Chemists unravel properties of hassium

Christoph Duellmann of Bern University investigates hassium at the Paul Scherrer Institute. PSI

Scientists in Switzerland have succeeded in determining the chemical properties of a new element in the periodic table.

This content was published on May 21, 2001 - 18:18

Hassium, which is named after the German state of Hessen, is the heaviest element investigated so far.

Although German physicists proved the existence of hassium back in the 1980s, scientists have been unable to determine its chemical properties until now.

"The reason why this is so difficult has to do with its short half-life," said project leader, Professor Heinz Gäggeler, from the Paul Scherrer Institute in Villigen.

"This element is really very short-lived. It lives little more than ten seconds. The second problem is it can be produced only in very tiny amounts - about one or two atoms a day."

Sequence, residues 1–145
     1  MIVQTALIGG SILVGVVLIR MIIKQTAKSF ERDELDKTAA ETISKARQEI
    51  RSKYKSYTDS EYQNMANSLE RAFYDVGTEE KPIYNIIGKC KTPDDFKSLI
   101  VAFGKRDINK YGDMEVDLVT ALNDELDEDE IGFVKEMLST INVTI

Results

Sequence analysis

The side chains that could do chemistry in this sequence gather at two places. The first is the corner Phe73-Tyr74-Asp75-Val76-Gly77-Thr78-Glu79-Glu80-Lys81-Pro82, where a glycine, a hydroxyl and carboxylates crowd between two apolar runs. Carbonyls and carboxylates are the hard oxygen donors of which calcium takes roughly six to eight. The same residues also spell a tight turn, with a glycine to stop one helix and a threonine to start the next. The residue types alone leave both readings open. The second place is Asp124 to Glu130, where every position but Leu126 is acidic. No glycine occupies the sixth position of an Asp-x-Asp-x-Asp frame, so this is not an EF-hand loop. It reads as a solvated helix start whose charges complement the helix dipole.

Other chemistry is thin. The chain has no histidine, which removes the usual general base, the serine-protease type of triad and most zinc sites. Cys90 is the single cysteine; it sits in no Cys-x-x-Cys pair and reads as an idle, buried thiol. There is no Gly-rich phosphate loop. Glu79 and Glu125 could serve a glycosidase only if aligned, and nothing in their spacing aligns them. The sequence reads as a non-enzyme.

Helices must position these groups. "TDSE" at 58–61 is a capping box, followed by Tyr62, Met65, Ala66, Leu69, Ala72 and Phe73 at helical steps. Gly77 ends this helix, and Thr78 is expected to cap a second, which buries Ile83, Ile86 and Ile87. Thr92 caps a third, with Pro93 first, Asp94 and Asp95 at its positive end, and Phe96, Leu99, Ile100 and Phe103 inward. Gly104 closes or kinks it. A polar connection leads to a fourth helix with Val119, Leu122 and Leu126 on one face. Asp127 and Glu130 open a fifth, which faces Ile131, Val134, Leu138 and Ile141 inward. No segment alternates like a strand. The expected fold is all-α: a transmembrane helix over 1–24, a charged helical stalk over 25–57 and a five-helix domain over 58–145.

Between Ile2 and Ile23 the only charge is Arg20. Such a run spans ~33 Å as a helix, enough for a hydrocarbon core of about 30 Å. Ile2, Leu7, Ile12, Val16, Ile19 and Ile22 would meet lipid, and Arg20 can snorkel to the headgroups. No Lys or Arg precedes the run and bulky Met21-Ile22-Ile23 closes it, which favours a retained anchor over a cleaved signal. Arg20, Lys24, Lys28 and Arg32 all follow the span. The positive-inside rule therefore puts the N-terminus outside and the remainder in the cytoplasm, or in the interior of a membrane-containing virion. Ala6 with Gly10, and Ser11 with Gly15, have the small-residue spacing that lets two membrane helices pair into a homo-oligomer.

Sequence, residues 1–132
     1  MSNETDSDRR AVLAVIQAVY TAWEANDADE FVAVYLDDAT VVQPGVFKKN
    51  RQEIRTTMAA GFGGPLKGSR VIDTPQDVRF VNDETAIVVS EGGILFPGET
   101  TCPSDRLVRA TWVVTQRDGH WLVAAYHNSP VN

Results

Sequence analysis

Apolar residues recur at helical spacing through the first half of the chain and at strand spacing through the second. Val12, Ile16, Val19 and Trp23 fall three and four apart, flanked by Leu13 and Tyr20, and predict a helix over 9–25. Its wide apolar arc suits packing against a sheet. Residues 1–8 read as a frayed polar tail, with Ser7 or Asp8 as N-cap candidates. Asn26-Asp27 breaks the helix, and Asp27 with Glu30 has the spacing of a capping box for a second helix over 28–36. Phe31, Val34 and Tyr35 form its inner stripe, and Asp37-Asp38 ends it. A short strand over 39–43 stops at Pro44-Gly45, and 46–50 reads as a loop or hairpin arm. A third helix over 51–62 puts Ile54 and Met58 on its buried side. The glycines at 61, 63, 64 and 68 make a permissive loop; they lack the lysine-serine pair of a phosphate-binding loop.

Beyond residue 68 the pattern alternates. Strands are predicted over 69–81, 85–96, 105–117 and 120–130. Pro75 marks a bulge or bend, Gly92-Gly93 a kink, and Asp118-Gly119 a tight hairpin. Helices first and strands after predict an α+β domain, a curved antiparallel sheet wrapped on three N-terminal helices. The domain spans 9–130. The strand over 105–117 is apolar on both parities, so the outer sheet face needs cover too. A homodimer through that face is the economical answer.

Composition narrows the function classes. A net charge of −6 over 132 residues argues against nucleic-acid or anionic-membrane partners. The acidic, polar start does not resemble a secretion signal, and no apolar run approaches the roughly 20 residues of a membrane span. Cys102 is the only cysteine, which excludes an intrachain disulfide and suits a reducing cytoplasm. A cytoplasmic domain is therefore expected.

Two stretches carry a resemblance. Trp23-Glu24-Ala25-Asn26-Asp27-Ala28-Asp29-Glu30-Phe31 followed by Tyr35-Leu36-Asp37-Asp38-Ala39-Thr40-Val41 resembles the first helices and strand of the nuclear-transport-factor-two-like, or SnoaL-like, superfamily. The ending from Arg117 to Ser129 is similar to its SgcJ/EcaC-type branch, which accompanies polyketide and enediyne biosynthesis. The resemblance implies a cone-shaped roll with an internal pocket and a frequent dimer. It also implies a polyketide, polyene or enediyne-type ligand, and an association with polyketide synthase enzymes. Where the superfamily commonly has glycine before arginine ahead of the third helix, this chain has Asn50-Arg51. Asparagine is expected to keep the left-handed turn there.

Hassium is a member of the same group in the periodic table as osmium, a heavy metal which combines with oxygen to form a gaseous compound called osmium tetroxide.

Gäggeler said his team worked on the theory that hassium should behave in a similar fashion to osmium and form hassium tetroxide when combined with oxygen.

Using sensitive detectors, the team searched for gaseous products at temperatures as low as minus 170 degrees centigrade.

Hassium - or element 108 - was discovered in 1984 at the Institute of Heavy Ion Research in Darmstadt, Germany.

by Vincent Landon

In compliance with the JTI standards

In compliance with the JTI standards

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